Recently, I answered questions from a New York Times science writer who inquired about depression in dogs for an article she was writing. The short article received a lot of attention, so I decided to expand on the topic for my readers.
Dogs Have Feelings Too
Depression is a specific psychiatric diagnosis in humans. If you look at the National Institutes of Health (NIH) definition of depression, many of the symptoms of depression cannot be applied to dogs, since they revolve around feelings. While we believe dogs have feelings, they cannot articulate sadness, helplessness, pessimism or suicidal thoughts as would humans suffering from clinical depression.
Yet, there are some signs of depression in dogs similar to those experienced by humans. Their owners may notice abrupt changes in behavior including irritability, loss of interest in activities, decreased energy and changes in appetite, all of which may signify depression. Dog owners frequently report these symptoms in their dog when a child in the family goes away to college, a favorite human or animal family member dies or the family moves to a new home. But because these are non-specific findings, they could be attributed to medical conditions as well. So it is wise to bring your pet to a veterinarian whenever you see behavioral changes in order to rule out illness.
Depression Means Two Things
Because veterinarians use the term “depression” in a different way than physicians do about their patients, some pet owners may misunderstand a diagnosis of depression. Veterinarians use “depressed” to describe one of five levels of consciousness in their four-legged patients:
- Normal. Of course there are many variations of normal between pets of the same breed. Veterinarians will require input from owners to determine if the pet is behaving in its normal manner.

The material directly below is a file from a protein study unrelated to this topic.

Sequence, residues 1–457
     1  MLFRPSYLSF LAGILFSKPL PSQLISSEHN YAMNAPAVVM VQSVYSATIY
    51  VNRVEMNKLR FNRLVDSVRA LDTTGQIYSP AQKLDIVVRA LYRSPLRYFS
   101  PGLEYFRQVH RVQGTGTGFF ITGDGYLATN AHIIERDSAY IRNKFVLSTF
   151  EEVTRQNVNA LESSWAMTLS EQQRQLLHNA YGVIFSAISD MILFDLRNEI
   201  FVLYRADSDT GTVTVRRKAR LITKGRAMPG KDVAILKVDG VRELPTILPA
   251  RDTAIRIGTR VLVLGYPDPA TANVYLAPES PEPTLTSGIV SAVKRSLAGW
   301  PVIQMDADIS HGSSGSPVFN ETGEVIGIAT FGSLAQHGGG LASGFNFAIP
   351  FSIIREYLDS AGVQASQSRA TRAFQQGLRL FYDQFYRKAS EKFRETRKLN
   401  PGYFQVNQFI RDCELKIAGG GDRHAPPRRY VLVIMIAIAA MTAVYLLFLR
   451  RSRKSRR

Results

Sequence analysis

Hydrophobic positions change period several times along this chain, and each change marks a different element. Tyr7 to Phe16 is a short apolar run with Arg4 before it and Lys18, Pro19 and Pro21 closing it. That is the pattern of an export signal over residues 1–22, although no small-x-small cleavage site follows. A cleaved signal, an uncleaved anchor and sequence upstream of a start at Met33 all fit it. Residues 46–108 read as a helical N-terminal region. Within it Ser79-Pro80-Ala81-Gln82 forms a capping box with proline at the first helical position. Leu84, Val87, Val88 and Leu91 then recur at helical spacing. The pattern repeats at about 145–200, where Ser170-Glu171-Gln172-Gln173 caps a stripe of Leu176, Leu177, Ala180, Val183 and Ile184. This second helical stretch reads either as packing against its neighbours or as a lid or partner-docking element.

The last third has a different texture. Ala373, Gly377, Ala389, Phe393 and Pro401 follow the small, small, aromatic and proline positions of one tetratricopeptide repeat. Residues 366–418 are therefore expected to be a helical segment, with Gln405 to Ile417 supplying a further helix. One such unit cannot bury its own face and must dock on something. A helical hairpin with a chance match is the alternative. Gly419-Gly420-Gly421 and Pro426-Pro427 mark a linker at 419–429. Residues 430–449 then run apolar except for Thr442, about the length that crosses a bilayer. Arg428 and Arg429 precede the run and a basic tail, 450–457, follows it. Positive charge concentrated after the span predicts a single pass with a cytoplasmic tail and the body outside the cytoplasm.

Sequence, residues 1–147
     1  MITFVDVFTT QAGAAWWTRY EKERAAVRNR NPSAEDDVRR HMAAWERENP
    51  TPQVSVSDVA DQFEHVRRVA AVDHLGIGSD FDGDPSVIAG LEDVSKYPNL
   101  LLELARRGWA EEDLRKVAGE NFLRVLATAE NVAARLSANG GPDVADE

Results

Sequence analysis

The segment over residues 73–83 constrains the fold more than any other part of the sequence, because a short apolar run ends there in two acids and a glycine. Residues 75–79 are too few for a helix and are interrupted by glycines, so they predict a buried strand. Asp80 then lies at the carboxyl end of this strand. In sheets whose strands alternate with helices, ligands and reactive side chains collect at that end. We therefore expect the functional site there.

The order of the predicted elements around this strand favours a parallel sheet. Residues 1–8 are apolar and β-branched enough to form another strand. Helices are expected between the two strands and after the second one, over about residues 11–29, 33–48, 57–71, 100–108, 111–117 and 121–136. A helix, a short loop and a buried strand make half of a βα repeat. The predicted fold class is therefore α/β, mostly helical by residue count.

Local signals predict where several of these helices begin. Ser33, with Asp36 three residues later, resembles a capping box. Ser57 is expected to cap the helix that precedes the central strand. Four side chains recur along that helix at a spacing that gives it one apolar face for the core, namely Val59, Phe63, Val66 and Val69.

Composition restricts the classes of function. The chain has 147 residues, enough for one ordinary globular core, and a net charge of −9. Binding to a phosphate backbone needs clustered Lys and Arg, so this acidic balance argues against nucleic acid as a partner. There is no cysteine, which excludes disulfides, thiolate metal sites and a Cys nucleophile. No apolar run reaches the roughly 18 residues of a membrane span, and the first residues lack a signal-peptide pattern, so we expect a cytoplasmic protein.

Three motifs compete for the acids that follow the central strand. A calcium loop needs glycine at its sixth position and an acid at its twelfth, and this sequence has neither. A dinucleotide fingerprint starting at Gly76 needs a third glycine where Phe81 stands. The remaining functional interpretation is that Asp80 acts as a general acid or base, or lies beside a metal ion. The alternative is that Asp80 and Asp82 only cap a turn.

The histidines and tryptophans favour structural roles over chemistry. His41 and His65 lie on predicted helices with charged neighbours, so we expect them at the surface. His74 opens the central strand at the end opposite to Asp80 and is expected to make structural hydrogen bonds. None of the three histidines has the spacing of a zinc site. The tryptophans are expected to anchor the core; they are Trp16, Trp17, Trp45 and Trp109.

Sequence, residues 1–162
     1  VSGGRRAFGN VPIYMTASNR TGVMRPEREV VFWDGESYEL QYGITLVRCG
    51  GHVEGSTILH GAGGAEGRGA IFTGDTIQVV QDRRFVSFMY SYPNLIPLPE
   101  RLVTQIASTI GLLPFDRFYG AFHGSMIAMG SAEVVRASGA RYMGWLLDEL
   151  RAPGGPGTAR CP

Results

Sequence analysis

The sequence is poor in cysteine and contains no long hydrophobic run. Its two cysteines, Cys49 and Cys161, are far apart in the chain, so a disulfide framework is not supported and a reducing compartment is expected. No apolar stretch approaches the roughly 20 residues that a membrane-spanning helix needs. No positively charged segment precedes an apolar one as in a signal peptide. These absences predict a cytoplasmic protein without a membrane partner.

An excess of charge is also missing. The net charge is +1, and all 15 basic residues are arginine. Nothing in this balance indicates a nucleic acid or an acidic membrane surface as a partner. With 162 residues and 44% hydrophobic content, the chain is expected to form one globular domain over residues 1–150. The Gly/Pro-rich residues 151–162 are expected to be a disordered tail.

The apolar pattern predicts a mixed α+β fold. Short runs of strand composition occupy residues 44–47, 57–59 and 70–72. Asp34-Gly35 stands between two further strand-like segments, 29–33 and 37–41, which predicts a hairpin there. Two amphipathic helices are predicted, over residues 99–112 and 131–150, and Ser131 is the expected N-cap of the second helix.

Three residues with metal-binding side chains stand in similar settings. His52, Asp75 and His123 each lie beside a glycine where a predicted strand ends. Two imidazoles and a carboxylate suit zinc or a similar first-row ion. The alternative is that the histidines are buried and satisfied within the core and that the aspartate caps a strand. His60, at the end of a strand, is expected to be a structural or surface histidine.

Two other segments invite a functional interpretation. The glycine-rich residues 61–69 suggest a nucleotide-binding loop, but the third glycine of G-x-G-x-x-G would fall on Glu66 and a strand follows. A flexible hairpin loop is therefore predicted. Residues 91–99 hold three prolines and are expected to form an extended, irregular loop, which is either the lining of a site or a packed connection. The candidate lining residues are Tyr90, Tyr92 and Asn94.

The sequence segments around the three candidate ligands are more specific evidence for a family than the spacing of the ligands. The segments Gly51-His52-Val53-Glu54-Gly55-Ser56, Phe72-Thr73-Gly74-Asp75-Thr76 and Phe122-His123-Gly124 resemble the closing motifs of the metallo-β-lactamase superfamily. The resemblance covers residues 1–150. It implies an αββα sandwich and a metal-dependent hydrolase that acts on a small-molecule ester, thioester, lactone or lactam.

- Depressed, dull, quiet. These pets prefer to sleep and have responses to stimuli that are appropriate. Animals diagnosed with a disease may be dull quiet, or depressed. A thorough examination of a pet with these signs and symptoms is required to rule out behavior resulting from a change in environment or illness.
- Disoriented, demented. This is similar to a dull animal, but responses to stimuli are inappropriate. Pets may be hyperactive, hysterical or irritable.
- Stuporous, obtunded. These pets do not respond to normal stimuli but will respond to strong, noxious stimuli such as a toe pinch.
- Comatose. These pets are unresponsive to all stimuli.
Not Just Depression
The NIH says depression in humans is often associated with other mental health disorders such as anxiety, post traumatic stress disorder (PTSD), phobias and obsessive compulsive disorders. Veterinarians do diagnose obsessive compulsive disorders, PTSD, aggression, separation anxiety, and noise phobia (commonly fear of thunderstorms) in dogs and urine spraying and predatory aggression in cats. These disorders are commonly treated with antidepressants and behavioral modification therapy, suggesting depression may also be associated with these other mental health disorders in pets.
Antidepressants for Your Dog and Cat
Some of the antidepressants veterinarians use in pets include:
- Clomipramine [Clomicalm®] is approved by the FDA for treatment of separation anxiety in dogs.
- Fluoxetine [Reconcile®] is approved by the FDA for treatment of separation anxiety in dogs and contains the same active ingredient as Prozac®.
- Selegiline (L-deprenyl) [Anipryl®] is approved by the FDA for treatment of cognitive dysfunction in dogs.
- Nortriptyline, amitriptyline [Elavil®] and doxepin are not FDA approved for use in dogs or cats, but are frequently prescribed by veterinarians “off-label.”
If your pooch is punky or your cat is catatonic, it is important to find out the cause. Have them checked by their veterinarian immediately.